So... like any talented, crafty, cooking family - we opted for homemade biscuits! With the help of my kids(!), here we have the masterpiece itself!
Festive biscuits - just biscuit!

Mixing it up a little with the addition of sweetie glass!


The finished item - Bath Abbey at it's finest! (Or baffabbi as it was fondly known throughout the making process!)
I'm sure he'll be as proud as punch with the efforts made - well I hope so! :)
Here's the recipe for anyone who wants to give it a try!
300g plain flour
175g butter, cubed
1 level tsp ground ginger
1 level tsp ground cinnamon
100g golden syrup
24 clear coloured fruit sweets
  1. Preheat the oven to 180C/Gas 4. Sieve flour, cinnamon and ginger together. Rub in the butter until the mixture looks like breadcrumbs.
  2. Add the golden syrup and mix with a knife until lumpy. Then, use your hands to mix the mixture to form a dough.
  3. Wrap the dough in cling film and chill for 30 mins.
  4. While the dough is chilling, break the sweets into very small  pieces - a pestle and mortar is ideal.
  5. On a lightly floured work surface, roll the dough out to the thickness of a pound coin.
  6. Cut into shapes as needed. Gather left over dough and roll out again.
  7. Place on a baking tray. Cut out any 'windows' from the shapes and sprinkle a generous amount of crushed sweets into each 'window'.
  8. Bake for 15 mins - the sweets should have melted and the biscuits should be lightly browned. Leave too cool on the tray for a minimum of 10 mins then remove with a fish slice. Cool completely on a wire rack.
  9. Enjoy!
Adapted from a recipe in Morrisons instore magazine.

Wednesday, 11 December 2013

Advent Post #11: An afternoon with Santa!

Living in a little corner of Wales is great, but when your family seems scattered around the UK (and further afield!) it's hard to get everyone in the same place at the same time! So, each December after a few weeks logistically planning a weekend in Manchester, we all *try* and meet up and have a festive weekend together as on the 'real' Christmas Day, it's impossible for us all to be together due to work and extended family commitments!
So....  here are some snaps of our first Christmas of the year!
We were even lucky enough to take a ride in Santa's horse and carriage - definitely a first for us! The elves were raising money for the Manchester Children's Hospital; a very deserving good cause!
Santa gave my children some homework to do for next time he sees them (ad they happily accepted it!) We had to learn the names of all of his reindeer! We managed a few whilst still in the grotto but had to think long and hard in the car later on - but we managed it (without the use of Mr. Google!).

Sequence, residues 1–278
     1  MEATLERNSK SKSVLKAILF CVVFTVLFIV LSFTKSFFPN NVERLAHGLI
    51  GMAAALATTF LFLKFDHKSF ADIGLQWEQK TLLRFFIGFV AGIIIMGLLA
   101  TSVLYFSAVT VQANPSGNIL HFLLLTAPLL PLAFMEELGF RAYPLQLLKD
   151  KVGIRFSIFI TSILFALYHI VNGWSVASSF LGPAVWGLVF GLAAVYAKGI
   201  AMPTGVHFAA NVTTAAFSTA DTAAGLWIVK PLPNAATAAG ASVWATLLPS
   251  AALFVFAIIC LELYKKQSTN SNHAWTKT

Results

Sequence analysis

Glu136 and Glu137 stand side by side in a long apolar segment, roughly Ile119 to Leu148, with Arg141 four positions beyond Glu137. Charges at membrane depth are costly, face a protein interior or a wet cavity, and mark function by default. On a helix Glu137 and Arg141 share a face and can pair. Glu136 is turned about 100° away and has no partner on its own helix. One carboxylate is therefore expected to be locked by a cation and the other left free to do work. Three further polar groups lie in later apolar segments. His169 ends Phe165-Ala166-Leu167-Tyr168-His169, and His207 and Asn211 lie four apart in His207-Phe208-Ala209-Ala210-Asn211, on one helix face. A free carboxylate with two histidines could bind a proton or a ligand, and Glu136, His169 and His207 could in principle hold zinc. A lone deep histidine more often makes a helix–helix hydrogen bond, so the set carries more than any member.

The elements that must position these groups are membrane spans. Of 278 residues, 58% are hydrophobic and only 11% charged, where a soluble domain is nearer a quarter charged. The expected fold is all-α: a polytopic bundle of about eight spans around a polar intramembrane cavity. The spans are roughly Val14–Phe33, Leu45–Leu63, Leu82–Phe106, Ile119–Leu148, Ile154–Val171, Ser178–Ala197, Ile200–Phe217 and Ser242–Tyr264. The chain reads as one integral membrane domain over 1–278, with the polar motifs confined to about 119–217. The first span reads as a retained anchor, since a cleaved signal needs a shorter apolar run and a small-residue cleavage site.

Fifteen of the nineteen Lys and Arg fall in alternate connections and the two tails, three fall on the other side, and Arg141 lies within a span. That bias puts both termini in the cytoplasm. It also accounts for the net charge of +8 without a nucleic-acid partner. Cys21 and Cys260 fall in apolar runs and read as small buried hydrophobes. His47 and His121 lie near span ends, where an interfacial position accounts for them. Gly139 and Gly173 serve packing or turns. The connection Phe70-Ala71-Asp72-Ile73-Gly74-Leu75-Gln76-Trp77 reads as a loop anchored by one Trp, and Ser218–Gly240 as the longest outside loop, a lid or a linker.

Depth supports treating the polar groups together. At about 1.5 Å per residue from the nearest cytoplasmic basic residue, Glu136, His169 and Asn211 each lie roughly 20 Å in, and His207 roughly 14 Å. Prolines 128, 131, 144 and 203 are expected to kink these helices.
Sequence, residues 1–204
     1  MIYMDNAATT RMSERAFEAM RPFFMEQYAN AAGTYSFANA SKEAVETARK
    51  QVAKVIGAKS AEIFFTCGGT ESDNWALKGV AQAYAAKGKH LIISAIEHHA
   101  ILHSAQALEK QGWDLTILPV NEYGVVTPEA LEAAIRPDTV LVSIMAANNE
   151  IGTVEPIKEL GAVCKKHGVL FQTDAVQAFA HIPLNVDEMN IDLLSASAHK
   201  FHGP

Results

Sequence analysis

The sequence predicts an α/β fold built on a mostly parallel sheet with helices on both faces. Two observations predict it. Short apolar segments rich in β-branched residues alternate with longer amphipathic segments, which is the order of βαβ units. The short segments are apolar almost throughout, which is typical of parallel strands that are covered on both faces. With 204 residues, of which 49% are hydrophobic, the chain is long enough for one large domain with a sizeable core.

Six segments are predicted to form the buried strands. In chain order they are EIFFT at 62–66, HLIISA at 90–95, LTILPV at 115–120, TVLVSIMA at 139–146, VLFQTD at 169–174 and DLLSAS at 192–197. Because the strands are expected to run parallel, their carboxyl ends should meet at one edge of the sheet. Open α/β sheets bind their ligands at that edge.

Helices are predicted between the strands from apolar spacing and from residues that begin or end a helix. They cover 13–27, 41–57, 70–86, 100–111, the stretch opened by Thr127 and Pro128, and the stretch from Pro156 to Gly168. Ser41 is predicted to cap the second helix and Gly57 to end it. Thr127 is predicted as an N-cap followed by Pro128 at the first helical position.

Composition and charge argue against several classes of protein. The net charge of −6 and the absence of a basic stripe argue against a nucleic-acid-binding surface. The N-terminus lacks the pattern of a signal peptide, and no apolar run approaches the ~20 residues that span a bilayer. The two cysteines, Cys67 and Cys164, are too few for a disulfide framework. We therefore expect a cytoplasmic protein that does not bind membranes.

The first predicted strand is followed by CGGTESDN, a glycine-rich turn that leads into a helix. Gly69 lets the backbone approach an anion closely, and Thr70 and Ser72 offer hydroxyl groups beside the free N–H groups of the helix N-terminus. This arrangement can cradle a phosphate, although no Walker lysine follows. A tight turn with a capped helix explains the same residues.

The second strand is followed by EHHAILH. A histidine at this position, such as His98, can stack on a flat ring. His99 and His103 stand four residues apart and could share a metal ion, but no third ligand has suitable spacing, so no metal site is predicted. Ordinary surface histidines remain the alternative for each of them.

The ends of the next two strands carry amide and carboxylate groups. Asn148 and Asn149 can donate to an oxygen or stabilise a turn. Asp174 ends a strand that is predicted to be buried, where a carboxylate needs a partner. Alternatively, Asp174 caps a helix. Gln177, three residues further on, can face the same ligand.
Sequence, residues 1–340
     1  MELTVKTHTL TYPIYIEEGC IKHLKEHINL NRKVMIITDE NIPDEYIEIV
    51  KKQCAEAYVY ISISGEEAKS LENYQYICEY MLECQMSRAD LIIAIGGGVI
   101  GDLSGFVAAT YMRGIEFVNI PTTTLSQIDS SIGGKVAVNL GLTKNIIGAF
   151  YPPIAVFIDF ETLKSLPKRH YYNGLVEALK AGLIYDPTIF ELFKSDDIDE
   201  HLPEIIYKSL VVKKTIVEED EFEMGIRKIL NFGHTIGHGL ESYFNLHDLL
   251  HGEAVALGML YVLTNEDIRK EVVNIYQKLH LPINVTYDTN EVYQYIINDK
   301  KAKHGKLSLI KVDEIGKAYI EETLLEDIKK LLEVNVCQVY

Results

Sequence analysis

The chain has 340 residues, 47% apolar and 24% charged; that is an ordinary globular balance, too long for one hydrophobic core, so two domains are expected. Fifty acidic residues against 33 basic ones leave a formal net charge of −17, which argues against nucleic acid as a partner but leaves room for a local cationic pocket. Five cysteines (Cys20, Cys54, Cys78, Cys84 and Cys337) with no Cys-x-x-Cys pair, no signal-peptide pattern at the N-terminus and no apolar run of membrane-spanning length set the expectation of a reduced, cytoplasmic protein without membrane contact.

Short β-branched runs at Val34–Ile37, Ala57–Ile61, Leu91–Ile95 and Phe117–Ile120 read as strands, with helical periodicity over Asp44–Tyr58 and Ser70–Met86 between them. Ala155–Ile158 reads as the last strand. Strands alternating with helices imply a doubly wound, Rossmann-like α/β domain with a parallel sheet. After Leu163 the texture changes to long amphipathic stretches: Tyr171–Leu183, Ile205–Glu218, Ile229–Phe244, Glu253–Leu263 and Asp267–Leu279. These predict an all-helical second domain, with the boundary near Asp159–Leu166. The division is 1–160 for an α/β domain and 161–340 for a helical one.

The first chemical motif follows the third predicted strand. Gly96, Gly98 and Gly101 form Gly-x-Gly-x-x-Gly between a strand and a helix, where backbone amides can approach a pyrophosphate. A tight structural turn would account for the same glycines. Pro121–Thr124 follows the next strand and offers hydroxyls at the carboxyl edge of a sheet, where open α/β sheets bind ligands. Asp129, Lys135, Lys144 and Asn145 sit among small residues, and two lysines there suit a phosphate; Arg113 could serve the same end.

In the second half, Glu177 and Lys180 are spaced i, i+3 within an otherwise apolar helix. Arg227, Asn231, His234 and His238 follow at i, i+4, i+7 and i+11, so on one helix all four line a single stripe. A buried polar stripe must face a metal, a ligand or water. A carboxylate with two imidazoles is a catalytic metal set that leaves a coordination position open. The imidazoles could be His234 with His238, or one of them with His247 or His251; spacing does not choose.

So here we have them! Dasher, Dancer, Prancer, Vixen, Comet, Cupid, Donner, Blitzen and of course Rudolph!
My daughter has them written down now so that she can send the list off to Santa - along with some homework of his own! Learn the song 'We Wish You A Merry Christmas' in Welsh! :) Good luck with that one Santa!
Have you celebrated an early 'Christmas' yet this year?!

Tuesday, 10 December 2013

Advent Post #10: Cranberry & white chocolate chip cookies

Try these really easy and tasty cookies - perfect as a gift in a ribbon-tied box or just lovely to munch!

Preheat the oven to 180C/Gas 4 and grease 2 baking trays.

In a bowl, cream together 150g caster sugar and 175g butter, softened, until light and fluffy.

Stir in 175g plain flour, 1 beaten egg, 100g white chocolate chips and 75g dried cranberries.

Drop spoonfuls of this mixture on to the baking trays, spaced well apart to allow it to spread, and flatten slightly.

Bake for 20 mins until golden.

Cool on the tray for a few minutes then transfer the cookies to a rack to cool completely.


Recipe source: Morrisons instore magazine.

Monday, 9 December 2013

Advent Post #9: Christmas Recipe - Festive Chocolate Slices

These are perfect to make on a quiet morning and keep to share with unexpected visitor who may drop in on you on a festive visit! They will keep for a week in airtight container - if they last that long that is!

Festive Chocolate Slices - makes 25 small slices, takes 35 minutes to make plus 2 hours to chill

200g milk chocolate (or dark if you prefer)
200g unsalted butter
5 tbsp golden syrup
1 tbsp cocoa powder
20 digestive or rich tea biscuits, broken into pieces
About 100g glace cherries, 60g dried mango and 75g dried cranberries (or a similar weight of a mix of dried fruit and/or nuts)
100g dark chocolate, to drizzle

  1. Grease and line a square tin (about 23cm) with greaseproof paper. Break the chocolate into a pan, add the butter, syrup and cocoa and heat gently until the chocolate and butter have melted. Remove from the heat.
  2. Crush the biscuits into small pieces with your hands or a rolling pin. Add to the chocolate mix and stir together. Spoon into the tin.
  3. Sprinkle the fruits/nuts over the top while the mixture is still sticky.
  4. Chill for 2 hours or until set. Melt the dark chocolate in a bowl over a pan of simmering water. Drizzle over the top and cut into 25 squares.
Source: Co-operative instore magazine.

Sunday, 8 December 2013

Advent Post #8: Christmas Craft - O Christmas Tree!

You can spend a fortune at this time of year on the little extras which are sold to you promising to bring that 'Christmas Magic' into your home. But for me, my most treasured Christmas decorations and ornaments are the ones made by my kids! And I'm sure that's the same for many of you.

Many items are made at school and brought home on the last day of term, proudly passed over to Mum or Dad at the school gate (quite often, there's more than you can carry and it will probably be raining!). Don't forget the carrier bag!